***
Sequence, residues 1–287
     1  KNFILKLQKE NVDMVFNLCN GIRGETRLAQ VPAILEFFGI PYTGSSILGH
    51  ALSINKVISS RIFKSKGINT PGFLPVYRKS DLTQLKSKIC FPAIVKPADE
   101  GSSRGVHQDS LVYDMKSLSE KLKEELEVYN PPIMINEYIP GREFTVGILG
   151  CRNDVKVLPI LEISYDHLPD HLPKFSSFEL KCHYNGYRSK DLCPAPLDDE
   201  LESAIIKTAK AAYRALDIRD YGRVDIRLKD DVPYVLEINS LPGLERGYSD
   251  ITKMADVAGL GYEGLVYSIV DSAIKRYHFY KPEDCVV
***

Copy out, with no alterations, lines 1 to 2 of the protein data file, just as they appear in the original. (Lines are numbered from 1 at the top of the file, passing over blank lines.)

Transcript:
Sequence, residues 1–287
     1  KNFILKLQKE NVDMVFNLCN GIRGETRLAQ VPAILEFFGI PYTGSSILGH